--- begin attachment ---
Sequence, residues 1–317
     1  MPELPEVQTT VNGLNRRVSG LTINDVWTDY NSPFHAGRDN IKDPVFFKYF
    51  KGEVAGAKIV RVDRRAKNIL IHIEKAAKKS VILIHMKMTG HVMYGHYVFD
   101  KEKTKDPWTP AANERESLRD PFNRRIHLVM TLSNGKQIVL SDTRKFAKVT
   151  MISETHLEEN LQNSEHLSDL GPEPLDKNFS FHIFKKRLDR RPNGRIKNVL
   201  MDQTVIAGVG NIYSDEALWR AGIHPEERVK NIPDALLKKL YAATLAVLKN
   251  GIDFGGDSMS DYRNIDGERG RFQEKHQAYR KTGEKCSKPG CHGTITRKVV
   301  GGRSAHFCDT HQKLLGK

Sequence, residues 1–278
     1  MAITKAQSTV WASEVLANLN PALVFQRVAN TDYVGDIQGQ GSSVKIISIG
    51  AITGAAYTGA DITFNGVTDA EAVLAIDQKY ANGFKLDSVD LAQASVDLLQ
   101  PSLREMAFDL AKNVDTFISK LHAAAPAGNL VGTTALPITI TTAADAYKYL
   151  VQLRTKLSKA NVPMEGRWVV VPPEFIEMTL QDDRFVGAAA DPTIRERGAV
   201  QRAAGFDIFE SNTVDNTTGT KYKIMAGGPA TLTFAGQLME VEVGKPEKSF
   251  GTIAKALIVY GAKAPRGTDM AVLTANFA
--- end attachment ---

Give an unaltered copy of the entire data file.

Sequence, residues 1–317
     1  MPELPEVQTT VNGLNRRVSG LTINDVWTDY NSPFHAGRDN IKDPVFFKYF
    51  KGEVAGAKIV RVDRRAKNIL IHIEKAAKKS VILIHMKMTG HVMYGHYVFD
   101  KEKTKDPWTP AANERESLRD PFNRRIHLVM TLSNGKQIVL SDTRKFAKVT
   151  MISETHLEEN LQNSEHLSDL GPEPLDKNFS FHIFKKRLDR RPNGRIKNVL
   201  MDQTVIAGVG NIYSDEALWR AGIHPEERVK NIPDALLKKL YAATLAVLKN
   251  GIDFGGDSMS DYRNIDGERG RFQEKHQAYR KTGEKCSKPG CHGTITRKVV
   301  GGRSAHFCDT HQKLLGK

Sequence, residues 1–278
     1  MAITKAQSTV WASEVLANLN PALVFQRVAN TDYVGDIQGQ GSSVKIISIG
    51  AITGAAYTGA DITFNGVTDA EAVLAIDQKY ANGFKLDSVD LAQASVDLLQ
   101  PSLREMAFDL AKNVDTFISK LHAAAPAGNL VGTTALPITI TTAADAYKYL
   151  VQLRTKLSKA NVPMEGRWVV VPPEFIEMTL QDDRFVGAAA DPTIRERGAV
   201  QRAAGFDIFE SNTVDNTTGT KYKIMAGGPA TLTFAGQLME VEVGKPEKSF
   251  GTIAKALIVY GAKAPRGTDM AVLTANFA